Tim Sweeney, the CEO of video game and software developer Epic Games, is a big believer in the metaverse – but thinks Apple will try to either crush it or “extract all the profit from it.”

Sweeney made the comments during an interview with GameIndustry at the Game Developers Conference (GDC) in San Francisco this week.

The executive has been a long-standing critic of Apple’s walled garden approach, having previously been entangled in a legal battle with the company relating to its App Store policies.

Also Read: Apple May Launch Reality Pro VR Headset Early

‘The metaverse must be open’

Apple is expected to release its Reality Pro VR/AR headset later this year, and many believe the launch could be a watershed moment for the much-hyped metaverse, encouraging mainstream adoption due to the tech giant’s name value.

Sweeney, though, isn’t buying it. In the interview with GameIndustry, the CEO predicted that Apple will “either try to crush the metaverse, or extract all the profit from it, one or the other.”

Explaining the rationale for his claim, the outspoken executive noted, “Apple doesn’t let you use a competing browser engine. So they can do the same thing with the metaverse, so they can say, ‘You must use Apple’s limited metaverse engine, you can’t build your own, you can’t use Unreal.’”

Such a policy would be anathema to the grand vision of an interactive, interoperable metaverse accessible to all users. As Sweeney himself says, “The metaverse has to be open, it can’t be another walled garden.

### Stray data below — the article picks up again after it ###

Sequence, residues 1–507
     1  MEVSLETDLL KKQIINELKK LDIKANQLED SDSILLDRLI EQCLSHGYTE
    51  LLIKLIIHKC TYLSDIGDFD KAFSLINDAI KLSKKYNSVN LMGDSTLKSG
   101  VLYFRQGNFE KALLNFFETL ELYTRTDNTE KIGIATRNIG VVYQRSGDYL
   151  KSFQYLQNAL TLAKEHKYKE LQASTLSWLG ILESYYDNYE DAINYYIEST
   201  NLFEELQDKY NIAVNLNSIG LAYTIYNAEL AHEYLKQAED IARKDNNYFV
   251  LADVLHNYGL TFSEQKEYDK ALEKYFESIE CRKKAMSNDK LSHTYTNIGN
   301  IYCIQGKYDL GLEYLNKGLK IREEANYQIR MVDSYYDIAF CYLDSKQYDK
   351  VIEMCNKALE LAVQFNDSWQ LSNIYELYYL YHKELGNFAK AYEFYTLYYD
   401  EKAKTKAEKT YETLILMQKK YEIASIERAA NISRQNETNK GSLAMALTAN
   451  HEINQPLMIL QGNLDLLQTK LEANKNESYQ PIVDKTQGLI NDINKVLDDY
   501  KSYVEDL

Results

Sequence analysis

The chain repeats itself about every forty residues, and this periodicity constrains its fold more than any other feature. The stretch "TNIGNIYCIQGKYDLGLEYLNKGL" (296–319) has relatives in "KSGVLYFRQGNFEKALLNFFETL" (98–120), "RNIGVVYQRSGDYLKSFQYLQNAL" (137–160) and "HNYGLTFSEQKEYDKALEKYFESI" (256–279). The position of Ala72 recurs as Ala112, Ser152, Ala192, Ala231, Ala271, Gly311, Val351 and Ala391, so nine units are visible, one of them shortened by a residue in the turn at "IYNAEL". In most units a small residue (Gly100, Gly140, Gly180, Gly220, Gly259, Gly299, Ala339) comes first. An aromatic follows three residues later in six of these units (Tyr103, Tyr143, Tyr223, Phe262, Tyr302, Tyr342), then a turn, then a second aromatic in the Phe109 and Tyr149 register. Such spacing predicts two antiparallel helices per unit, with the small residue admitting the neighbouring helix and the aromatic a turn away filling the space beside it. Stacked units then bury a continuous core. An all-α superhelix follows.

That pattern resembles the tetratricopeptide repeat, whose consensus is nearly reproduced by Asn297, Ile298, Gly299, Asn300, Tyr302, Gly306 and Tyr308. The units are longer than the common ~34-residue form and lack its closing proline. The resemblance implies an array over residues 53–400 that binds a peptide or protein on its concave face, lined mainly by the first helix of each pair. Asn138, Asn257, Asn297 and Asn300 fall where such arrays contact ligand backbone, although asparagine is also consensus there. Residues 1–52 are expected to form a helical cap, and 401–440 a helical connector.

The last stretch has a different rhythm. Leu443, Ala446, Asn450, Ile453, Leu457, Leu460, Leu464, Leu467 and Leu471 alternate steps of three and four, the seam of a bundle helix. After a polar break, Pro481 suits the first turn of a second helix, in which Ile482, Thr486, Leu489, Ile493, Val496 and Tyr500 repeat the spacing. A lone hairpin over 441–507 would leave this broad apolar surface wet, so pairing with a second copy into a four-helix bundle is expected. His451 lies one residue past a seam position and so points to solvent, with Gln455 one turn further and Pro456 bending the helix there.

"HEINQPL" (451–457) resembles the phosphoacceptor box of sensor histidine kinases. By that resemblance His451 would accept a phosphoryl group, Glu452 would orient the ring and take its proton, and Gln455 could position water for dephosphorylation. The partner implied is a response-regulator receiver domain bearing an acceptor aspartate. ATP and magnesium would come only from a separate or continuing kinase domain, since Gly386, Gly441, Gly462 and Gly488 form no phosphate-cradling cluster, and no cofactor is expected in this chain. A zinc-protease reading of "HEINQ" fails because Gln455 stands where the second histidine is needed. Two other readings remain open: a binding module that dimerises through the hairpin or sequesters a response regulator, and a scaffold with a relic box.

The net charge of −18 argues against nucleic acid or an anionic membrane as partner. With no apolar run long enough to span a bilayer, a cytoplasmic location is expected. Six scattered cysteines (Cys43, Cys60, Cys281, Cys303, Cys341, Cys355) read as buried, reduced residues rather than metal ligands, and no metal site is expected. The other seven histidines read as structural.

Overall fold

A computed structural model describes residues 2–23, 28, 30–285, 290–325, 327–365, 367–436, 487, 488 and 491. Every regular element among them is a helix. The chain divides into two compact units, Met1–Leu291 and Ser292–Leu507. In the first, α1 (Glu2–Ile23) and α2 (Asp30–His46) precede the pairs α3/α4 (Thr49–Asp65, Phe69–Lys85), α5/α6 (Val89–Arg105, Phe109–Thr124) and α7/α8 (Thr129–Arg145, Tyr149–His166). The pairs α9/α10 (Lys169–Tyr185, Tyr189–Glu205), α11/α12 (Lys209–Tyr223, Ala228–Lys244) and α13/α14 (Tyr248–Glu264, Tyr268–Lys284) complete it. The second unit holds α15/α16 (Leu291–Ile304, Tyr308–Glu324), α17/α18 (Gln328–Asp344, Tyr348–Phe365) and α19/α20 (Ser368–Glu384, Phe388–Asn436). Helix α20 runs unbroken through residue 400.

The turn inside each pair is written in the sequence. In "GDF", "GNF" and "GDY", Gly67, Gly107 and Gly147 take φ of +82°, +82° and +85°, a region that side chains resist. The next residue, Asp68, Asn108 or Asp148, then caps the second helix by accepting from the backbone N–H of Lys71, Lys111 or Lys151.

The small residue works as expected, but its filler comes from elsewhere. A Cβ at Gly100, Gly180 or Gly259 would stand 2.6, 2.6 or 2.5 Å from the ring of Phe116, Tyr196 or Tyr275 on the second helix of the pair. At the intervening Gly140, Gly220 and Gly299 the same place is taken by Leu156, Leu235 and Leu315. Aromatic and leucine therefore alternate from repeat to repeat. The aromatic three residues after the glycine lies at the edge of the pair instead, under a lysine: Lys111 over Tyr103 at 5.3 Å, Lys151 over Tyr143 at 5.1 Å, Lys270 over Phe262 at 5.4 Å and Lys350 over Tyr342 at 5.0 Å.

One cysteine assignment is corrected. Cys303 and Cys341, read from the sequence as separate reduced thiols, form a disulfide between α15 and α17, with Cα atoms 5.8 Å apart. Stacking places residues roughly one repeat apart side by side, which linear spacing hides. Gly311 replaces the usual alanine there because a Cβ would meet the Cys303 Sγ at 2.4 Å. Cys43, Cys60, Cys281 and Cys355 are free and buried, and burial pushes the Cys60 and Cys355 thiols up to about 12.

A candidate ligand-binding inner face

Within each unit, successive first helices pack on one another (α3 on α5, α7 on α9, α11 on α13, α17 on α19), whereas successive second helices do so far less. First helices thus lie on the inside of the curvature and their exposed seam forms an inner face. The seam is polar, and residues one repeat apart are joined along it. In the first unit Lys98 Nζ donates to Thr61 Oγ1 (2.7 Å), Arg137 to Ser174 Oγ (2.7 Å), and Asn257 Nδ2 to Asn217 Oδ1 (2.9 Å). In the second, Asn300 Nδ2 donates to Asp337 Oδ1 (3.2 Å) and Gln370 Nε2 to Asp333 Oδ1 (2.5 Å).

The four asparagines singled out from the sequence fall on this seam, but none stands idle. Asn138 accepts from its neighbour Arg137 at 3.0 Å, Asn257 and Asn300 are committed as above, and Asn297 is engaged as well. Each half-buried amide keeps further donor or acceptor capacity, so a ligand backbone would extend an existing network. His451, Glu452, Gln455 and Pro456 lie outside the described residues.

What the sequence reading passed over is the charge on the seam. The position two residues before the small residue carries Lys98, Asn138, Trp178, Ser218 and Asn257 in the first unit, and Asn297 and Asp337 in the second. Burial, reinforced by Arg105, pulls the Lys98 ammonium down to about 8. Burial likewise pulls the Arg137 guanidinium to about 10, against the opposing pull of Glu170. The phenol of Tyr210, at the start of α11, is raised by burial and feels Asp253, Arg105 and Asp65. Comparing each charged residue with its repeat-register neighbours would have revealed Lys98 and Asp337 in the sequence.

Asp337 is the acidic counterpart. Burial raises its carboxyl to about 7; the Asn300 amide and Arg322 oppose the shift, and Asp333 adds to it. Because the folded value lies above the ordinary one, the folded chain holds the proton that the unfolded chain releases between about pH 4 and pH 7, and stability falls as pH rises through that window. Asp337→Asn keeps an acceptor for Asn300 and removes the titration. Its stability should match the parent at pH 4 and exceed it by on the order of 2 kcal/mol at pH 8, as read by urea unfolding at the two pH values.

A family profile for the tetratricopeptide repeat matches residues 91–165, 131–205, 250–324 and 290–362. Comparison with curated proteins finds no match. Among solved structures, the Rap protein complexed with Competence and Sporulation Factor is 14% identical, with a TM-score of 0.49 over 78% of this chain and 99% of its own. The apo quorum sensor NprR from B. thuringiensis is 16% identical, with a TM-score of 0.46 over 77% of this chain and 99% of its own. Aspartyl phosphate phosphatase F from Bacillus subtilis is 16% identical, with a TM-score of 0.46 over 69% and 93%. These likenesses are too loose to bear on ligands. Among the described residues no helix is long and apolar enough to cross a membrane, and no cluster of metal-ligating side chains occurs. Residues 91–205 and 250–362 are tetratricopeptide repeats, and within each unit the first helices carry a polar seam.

“Open is a natural state of things, it’s only in the past 15 years that we’ve seen walled gardens take over the world with iOS and Facebook and other companies.”

Unreal Engine is an advanced real-time 3D creation tool for photo-real visuals and immersive experiences. At the GDC, Fortnite developer Epic has been busy demoing the latest features of Unreal 5.2, such as a nifty substrate shading system that lets artists create materials at a level of quality and fidelity that was previously impossible.

Apple faces anti-competitive claims 

Although it’s unclear whether Apple would actually disallow Unreal Engine, this isn’t the first time complaints have been levelled against the company and its anticompetitive practices. 

Earlier this year, Spotify and eight companies and associations co-authored a letter to the EU Commission’s executive vice president, dubbing the firm “harmful, anti-competitive, and monopolistic.” Signatories called for greater regulation to combat Apple’s app distribution practices, which they claimed “imposed unfair restrictions” on their businesses.

Sweeney, for his part, believes antitrust laws are necessary to keep Apple in check, saying, “We see them as utterly dominating this business if they’re allowed to use their market power and hardware to do so. So we’re fighting that.”

Appearing alongside executive VP Saxs Persson at the GDC’s State of the Unreal event, Sweeney brought the audience up-to-date on all things Epic including animation tools for virtual humans (MetaHumans) and an Unreal-powered creation tool for Fortnite (UEFN), which has been launched in public beta.

The metaverse ain’t dead

Last year, Epic announced a $2 billion funding round to advance its vision of building the metaverse, with the likes of Sony Group Corporation and LEGO investment firm KIRKBI pledging capital.

This week, Sweeney sat down with The Verge and said the metaverse was “a much more enjoyable and personal and empathetic medium than today’s social networks.” 

He also took the opportunity to throw shade at Facebook, where everyone “gripes about politics and shows how awesome they are through photos.”

You gotta love Sweeney’s scorched-earth approach to interviews, where tech rivals are routinely trampled underfoot. But his comments about Apple in particular are likely to be shared by many metaverse maximalists, such are the measures it takes to prevent rivals from competing with its App Store.